The messages for the NEDD8 ligating system, APP-BP1, hUba3, and hUbc12, were high in muscular tissues, such as skeletal muscle and heart, spleen, and testis in adult human tissues but were low in lung, liver, and small intestine. The expression pattern of both NEDD8 and three genes catalyzing its ligation resembled each other, except that their expression levels appear to differ somewhat and that the expression of NEDD8 was high in the thymus, whereas those of the NEDD8-ligating system were expressed conversely in the tissue. The expressions of APP-BP1, hUba3, and hUbc12 were high in all established cell lines, except that hUbc12 was low in Raji. The NEDD8-ligating system showed no significant alteration during embryonic development in mice, except high expression at 7 days post-gestation. The reason why the RNA-blot intensity of the NEDD8-ligating system genes was relatively high compared to that of NEDD8 is unknown.
Subsequently, we examined the mRNA levels of Hs-Cul-family proteins, which are major targets in the modification of NEDD8. As shown in Figure 3, the mRNA levels of Cul-1, Cul-2, and Cul-3 were similar in various normal human tissues; i.e., high in heart, skeletal muscle, and testis, except that Cul-3 was specifically high in ovary, colon, and leukocytes but was low in lung, liver, thymus, and small intestine. Their expressions were high in all tumor cells examined, except Raji cells and were not dramatically changed in various stages of post-gestation in mice. The expression pattern of these three cullins appears to resemble those of NEDD8 and the NEDD8-ligating system (Figure 2).
For the expressions of Cul-4A and Cul-4B, they were high in testis and spleen and low not only in lung, liver, thymus, and small intestine but also in muscular tissues, such as skeletal muscle and heart, differing from the expressions of Cul-1, Cul-2, and Cul-3. The expression of Cul-4A and Cul-4B with a high homology, displaying an identity of 83%, differed considerably, revealing high expression of Cul-4A in heart and skeletal muscle whereas high expression of Cul-4B in prostate, ovary, colon, and leukocytes. The Cul-4A and Cul-4B mRNAs were elevated greatly in various tumor cells, except Raji. The expressions of these two homologous cullins were not altered in various embryonic developmental stages, except that Cul-4B was expressed specifically high at 11 days post-gestation. On the other hand, the expression of Cul-5 was relatively low in all human tissues and embryonic mice, but it was found that considerable expressions were observed in muscular tissues similar to those of Cul-1, Cul-2, Cul-3 and Cul-4A. Interestingly, only Cul-5 was very low in testis and spleen, nonetheless the other five Cul-family proteins were expressed at quite high levels in such tissues. Moreover, no significant enhancement of the Cul-5 mRNA was observed in various tumor cells. Thus, the expression of Cul-5 was quite different from those of the other five Cul-members.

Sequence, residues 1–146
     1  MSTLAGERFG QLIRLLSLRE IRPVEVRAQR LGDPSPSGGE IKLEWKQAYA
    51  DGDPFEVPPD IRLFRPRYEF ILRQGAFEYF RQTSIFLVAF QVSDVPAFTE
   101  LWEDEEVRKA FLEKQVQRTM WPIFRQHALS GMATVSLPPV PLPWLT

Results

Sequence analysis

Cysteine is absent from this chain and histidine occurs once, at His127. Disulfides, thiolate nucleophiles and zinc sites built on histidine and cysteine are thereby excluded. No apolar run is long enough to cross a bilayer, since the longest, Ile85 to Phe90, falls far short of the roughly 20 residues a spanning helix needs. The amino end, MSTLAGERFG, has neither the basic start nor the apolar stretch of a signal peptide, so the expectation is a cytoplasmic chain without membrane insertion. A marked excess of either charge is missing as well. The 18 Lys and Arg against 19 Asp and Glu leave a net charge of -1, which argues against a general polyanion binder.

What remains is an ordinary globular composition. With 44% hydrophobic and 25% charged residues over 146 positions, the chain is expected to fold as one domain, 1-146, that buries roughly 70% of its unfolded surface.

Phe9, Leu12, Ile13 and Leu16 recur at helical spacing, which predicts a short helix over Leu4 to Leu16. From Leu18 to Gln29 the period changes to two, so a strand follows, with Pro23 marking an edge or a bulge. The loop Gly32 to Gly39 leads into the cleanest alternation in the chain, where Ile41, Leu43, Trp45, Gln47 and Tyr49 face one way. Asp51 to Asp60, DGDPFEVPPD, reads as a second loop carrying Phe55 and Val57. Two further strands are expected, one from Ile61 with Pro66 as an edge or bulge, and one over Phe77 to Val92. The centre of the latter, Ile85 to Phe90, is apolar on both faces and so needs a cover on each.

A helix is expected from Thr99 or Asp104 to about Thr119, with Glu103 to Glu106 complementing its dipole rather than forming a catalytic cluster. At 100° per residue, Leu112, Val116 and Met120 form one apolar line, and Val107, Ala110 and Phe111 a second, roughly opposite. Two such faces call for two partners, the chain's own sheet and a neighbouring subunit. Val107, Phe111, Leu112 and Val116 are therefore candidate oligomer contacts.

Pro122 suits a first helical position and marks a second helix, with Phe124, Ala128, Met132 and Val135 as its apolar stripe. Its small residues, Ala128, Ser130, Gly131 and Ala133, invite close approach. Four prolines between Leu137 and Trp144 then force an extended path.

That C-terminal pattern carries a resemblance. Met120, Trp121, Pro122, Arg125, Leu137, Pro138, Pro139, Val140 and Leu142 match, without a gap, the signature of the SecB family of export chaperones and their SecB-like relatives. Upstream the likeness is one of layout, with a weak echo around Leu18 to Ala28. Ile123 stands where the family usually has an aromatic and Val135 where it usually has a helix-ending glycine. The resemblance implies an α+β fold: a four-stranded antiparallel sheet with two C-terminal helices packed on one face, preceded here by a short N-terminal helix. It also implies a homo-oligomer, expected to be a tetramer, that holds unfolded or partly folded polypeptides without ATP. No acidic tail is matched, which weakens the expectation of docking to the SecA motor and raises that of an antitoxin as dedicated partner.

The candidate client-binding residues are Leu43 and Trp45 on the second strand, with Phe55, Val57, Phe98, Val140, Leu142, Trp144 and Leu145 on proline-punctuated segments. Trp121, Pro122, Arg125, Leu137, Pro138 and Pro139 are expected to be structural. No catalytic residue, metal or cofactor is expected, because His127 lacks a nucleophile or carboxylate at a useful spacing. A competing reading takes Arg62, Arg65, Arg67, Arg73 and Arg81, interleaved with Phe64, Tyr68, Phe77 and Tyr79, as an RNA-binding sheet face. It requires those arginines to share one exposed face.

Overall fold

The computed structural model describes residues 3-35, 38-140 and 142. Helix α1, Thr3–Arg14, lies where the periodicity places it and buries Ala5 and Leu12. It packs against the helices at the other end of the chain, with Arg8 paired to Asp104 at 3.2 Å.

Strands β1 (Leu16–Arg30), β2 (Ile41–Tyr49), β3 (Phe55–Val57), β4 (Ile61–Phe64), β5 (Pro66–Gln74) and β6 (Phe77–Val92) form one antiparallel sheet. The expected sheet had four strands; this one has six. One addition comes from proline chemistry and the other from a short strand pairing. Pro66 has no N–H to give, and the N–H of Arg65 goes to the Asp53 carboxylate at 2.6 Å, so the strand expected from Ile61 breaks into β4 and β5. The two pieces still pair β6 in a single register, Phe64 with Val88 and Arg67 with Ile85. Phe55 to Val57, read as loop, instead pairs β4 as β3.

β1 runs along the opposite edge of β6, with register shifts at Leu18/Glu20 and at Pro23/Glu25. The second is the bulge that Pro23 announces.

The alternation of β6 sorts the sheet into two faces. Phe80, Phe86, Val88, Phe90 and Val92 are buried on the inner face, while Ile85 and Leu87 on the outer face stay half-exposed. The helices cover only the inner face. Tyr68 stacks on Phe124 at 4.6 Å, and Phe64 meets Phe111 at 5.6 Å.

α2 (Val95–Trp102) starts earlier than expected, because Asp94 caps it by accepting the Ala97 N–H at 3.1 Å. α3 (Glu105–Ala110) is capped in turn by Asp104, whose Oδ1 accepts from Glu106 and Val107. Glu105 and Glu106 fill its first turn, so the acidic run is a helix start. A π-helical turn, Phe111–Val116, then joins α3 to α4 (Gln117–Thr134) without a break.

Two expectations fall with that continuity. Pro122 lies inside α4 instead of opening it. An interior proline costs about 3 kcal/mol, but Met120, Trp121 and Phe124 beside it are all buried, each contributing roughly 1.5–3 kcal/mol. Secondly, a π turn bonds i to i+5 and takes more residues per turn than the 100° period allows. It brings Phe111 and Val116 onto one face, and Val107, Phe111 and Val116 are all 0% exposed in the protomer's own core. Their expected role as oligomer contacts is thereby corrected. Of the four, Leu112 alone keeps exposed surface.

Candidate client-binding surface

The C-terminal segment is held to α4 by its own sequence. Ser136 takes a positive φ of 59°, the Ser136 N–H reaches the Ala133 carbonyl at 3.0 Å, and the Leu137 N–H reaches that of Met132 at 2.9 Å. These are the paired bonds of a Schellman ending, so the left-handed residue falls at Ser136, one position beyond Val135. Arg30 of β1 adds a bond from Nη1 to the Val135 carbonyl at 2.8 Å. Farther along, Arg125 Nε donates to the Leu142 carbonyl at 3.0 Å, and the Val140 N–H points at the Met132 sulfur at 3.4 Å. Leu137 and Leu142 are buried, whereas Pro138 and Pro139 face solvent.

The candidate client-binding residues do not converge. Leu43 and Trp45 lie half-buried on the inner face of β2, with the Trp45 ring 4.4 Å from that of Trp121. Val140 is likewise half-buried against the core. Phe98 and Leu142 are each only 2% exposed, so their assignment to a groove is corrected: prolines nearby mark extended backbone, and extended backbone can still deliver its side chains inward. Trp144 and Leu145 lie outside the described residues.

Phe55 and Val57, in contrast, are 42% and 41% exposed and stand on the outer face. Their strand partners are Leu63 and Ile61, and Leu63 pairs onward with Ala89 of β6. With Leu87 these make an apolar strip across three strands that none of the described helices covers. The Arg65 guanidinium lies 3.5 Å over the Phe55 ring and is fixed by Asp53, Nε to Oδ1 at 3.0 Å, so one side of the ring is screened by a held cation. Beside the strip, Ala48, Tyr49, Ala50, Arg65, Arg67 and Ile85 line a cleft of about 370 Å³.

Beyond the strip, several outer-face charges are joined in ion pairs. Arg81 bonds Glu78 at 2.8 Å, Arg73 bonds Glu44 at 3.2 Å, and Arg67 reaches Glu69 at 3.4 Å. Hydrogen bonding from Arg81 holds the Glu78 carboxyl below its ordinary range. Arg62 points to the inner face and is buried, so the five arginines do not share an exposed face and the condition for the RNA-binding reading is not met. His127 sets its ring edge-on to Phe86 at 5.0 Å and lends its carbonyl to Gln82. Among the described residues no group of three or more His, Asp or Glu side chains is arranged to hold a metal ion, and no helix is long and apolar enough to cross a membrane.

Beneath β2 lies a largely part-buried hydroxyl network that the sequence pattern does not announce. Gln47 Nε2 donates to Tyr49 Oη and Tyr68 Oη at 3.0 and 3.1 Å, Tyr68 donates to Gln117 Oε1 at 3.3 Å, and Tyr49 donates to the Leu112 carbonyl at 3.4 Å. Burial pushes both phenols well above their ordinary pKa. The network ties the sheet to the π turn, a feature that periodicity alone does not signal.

According to the present study, the expression profiles of the NEDD8-ligation system resemble those of Cul-1, Cul-2, and Cul-3, implying that they may have redundant functions. It is of note that the expressions of Cul-4A and Cul-4B resemble each other but differ from those of all other Cul-family proteins and that Cul-5 showed very unique tissue expression, differing considerably from those of all other Cul-family proteins, indicating that they may not be functionally equivalent to other cullins. Intriguingly, the expressions of all cullins except Cul-5 were very high in various tumor cells, except Burkit lymphoma Raji. However, the high expression of these Cul-proteins does not appears to be simply correlated with cell proliferation, because their expressions were very low with small intestine having very active proliferating cells, implying that these expressions may be related to tumorigenesis of the cells. This finding was consistent with the fact that human Cul-3 and Cul-4A were recently identified as showing high expressions in cultured colon cancer cells (Du et al., 1998) and primary breast cancer (Chen et al., 1998), respectively.